John McCain's Ground-Breaking 'Twitterview' | NBC New York

John McCain's Ground-Breaking 'Twitterview'

New levels of inanity reached in most useless interview of all time

    processing...

    NEWSLETTERS

    Getty Images
    In an interview with George Stephanopoulos, John McCain managed to say nothing in 140 characters or less.

    Yesterday we witnessed the final demise of political journalism. A TV news talk show host who used to be a political operative interviewed a former presidential candidate on important subjects such as foreign policy and the economy, in a format that required all answers be rendered in 140 characters or less.

    It was billed as a "Twitterview," conducted by George Stephanopoulus, with John McCain as the hapless interviewee typing out such bons mots as "hi george im a little slow".

    McCain recently began Twittering, which is to say, typing out short and banal descriptions of whatever flatulence happens to enter his brain and posting it on a Web page. For journalists and politicians, and for McCain in particular, Twittering has been an embarrassing exercise in the flogging of useless new media fads.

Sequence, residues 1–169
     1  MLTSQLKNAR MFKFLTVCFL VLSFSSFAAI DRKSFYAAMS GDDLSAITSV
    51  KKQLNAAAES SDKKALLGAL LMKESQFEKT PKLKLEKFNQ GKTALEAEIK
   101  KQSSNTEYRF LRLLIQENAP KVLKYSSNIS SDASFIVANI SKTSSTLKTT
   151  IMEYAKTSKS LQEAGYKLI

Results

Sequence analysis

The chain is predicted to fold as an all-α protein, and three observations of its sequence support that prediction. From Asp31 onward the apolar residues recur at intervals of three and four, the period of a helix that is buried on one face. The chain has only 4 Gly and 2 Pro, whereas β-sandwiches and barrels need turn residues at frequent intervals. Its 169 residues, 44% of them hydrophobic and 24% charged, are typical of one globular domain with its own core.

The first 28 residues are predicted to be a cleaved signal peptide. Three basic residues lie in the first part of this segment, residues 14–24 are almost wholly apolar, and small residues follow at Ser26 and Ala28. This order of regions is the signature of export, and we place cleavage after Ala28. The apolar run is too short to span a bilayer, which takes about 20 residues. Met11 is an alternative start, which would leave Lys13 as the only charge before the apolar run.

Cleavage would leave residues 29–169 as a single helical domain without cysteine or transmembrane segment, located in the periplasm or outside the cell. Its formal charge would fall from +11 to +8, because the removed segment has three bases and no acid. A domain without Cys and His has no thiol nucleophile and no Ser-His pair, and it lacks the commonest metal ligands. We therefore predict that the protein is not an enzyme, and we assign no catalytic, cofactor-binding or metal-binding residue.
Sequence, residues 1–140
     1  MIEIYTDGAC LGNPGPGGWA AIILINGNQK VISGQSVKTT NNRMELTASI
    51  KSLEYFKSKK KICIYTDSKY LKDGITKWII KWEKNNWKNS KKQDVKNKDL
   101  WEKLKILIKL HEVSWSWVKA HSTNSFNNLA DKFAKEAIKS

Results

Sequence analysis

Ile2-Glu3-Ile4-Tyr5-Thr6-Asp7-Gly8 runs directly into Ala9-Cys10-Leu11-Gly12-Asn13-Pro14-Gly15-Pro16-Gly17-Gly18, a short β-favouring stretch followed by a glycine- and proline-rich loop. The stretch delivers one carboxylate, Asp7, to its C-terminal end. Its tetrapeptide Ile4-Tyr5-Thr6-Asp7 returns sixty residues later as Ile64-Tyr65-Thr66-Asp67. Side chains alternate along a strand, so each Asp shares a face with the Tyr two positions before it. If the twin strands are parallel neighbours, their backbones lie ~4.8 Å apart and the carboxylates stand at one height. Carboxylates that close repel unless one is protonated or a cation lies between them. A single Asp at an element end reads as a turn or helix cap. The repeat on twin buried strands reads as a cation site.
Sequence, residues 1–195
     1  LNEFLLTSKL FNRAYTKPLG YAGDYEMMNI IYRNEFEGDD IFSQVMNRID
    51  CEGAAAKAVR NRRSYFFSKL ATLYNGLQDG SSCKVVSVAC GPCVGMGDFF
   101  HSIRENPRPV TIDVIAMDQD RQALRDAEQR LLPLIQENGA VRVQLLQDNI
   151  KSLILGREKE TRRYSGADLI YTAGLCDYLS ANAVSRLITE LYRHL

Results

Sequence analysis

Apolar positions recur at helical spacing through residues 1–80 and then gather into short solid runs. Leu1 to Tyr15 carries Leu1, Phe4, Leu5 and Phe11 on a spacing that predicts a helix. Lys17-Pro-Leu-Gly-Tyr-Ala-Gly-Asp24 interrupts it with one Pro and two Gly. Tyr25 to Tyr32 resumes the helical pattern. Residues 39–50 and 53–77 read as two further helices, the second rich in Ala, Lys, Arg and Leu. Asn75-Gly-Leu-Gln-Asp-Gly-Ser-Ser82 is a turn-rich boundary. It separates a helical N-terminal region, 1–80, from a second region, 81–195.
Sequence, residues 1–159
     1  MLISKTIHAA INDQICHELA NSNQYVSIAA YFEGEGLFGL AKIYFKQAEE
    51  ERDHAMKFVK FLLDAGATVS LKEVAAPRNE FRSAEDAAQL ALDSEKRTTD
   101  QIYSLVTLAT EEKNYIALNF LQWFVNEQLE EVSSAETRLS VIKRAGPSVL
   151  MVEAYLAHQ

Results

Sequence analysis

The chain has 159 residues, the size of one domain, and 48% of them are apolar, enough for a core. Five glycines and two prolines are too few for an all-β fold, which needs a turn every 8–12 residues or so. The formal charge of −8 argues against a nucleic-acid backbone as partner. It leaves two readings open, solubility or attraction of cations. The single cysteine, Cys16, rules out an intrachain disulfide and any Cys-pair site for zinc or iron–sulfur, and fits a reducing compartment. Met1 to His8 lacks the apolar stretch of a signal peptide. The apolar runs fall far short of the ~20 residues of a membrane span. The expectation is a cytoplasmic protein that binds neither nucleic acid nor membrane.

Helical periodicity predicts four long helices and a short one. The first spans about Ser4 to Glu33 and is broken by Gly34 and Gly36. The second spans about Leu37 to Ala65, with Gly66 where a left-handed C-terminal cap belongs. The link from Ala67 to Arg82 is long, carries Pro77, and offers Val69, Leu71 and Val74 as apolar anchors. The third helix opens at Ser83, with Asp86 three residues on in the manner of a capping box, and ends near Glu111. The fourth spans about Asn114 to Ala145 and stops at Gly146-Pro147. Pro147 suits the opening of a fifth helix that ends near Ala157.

Why useless? Because in the world of politics, where people ask serious questions about serious issues that affect the actual lives of millions of people, it is basically impossible to give a full and intellectually honest answer to those questions in 140 characters. Thus:

    GStephanopoulos@SenJohnMcCain What worries you more: Pakistan or Iran? SenJohnMcCain@GStephanopoulos both. the challenges are different but both significant.

    Well, that clears up that pressing little geopolitical issue!

    John McCain has obviously gotten the message that he needs to be a little more tech-savvy and learn about new technology. And George Stephanopoulos has obviously gotten the message that the coveted twentysomething demographic that news outlets have been losing for a generation enjoy using Twitter. But to attempt to use Twitter for a genuine policy discussion is just a dumb, unreadable stunt.

    Sara K. Smith writes for NBC and Wonkette.